Monday, January 03, 2011

India: Binayak Sen Sentenced to Life Term

By Badri Raina, ZNet, January 2, 2011


A Sessions Court judge in Raipur, capital of the BJP-ruled state of Chattisgarh, has pronounced Binayak Sen guilty of sedition and conspiracy against the State, and sentenced the good doctor to a life term in prison.

So who is Binayak Sen?

An alumni of the prestigious Christian Medical College in Vellore, who had the foolhardiness to turn his back on career both there and in the equally prestigious Jawahar Lal Nehru university in Delhi, follow the lead of the late and legendary Shankar Guha Niyogi—who was murdered some years ago by paid assassins of industrial interests for his dogged and path-breaking, hence  dangerous, labours among the unorganized adivasis, dalits, women, and other  voiceless denizens of the backwaters of Chattisgarh against some of the most gruesome exploitation that free Indians have known—and devote the last three or so decades of his still young life to serving among the poorest of the poor.

For decades now, this selfless and saintly man has run a weekly clinic deep in the Sal forests of the region that has drawn tribals from as far away as 30 kilometers for healing.  Their only other option a two-day walk through the jungles.  Sen trained hundreds of tribals to become healthcare workers,  an effort whose sterling success found it acceptance as state policy, christened  Mitanin  Swasthya Yojna (volunteer health programme).
Inspired by Niyogi, Sen also helped set up the Shaheed (martyr) hospital, one that still operates with donations from coal miners.

Indeed much of his work parallels the sort of immersion in ministering to the  wretched of the earth  that the world associates with  the Nobel prize winner, Mother Teresa.
With one all-important difference. Binayak, unlike the good Mother, did not think there was any great purchase in being meek.  Thus it is that he made the grievous mistake of standing up and speaking for the “human rights” of  god-fatherless forest dwellers in the face of the cruelties and denials vented upon them by the State, by its vigilante agency of goons named  “Salwa Judum,” and, if only the  judge who sentenced him had listened, by the  insurgent Maoists as well.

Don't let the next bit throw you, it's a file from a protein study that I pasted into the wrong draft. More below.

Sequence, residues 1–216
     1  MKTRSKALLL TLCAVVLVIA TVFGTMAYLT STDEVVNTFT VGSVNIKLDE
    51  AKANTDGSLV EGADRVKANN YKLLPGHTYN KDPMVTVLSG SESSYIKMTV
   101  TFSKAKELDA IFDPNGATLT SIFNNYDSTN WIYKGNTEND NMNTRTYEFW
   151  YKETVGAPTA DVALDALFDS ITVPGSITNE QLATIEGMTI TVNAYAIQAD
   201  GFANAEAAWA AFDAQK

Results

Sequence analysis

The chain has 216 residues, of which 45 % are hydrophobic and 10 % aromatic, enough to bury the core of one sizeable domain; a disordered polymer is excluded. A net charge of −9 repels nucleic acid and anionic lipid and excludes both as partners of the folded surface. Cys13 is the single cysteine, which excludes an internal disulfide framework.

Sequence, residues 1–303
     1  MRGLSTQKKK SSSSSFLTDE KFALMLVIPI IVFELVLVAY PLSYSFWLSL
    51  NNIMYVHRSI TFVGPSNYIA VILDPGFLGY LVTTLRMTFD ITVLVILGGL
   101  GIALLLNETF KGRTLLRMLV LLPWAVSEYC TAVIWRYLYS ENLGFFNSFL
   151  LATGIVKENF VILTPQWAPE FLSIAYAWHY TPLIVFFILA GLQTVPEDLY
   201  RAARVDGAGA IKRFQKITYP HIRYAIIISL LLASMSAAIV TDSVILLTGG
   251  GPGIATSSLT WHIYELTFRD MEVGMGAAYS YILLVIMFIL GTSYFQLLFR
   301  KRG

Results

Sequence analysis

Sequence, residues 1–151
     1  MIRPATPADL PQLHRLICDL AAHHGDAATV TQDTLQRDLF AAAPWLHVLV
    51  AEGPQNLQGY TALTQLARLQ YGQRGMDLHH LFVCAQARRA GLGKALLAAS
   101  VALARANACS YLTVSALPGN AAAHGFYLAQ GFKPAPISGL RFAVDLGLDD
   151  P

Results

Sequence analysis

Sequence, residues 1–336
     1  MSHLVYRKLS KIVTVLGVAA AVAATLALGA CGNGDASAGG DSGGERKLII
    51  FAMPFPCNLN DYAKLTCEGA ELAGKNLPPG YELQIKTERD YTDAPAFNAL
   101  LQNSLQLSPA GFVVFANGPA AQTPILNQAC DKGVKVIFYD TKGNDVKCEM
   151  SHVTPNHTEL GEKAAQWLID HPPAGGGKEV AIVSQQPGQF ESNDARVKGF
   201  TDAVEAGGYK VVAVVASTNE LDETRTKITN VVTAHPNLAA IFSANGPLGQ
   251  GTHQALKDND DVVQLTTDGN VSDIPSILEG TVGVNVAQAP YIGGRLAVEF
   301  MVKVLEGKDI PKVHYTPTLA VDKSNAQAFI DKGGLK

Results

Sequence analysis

In particular, Sen’s opposition to the displacement of a hundred thousand tribals from their homes and hearths by vigilante goons of the State  made the latter saw red.  Ostensibly done to facilitate police operations against the Moaist insurgents and for their own safety (sic) such displacement and any resistance to it by innocent tribals  has  caused  unconscionable brutalities to be  inflicted upon them, often on the charge that they were informants to the insurgents, and guilty of sheltering them.

As to Sen himself,   does it matter that in  repeatedly asking for “equity and peace”  whenever querried by the media, he rarely balked from condemning the atrocities perpetrated by the armed Naxalites on innocent men, women, and children.

But in an era of McCarthyism that now seems to accompany the murderous impatience of India’s State and Corporate combine to enhance private wealth, Binayak’s  infuriating doggedness of purpose in staying his course in the hinterland among the victims on the ground  (had he been, like so many of us, content to combine a lucrative  metropolitan career with urbanite activism, things may not have been so dire, either for him or for the State), finally broke the camel’s back, as it were.

The official finger went up, declaring the doctor public enemy number one.

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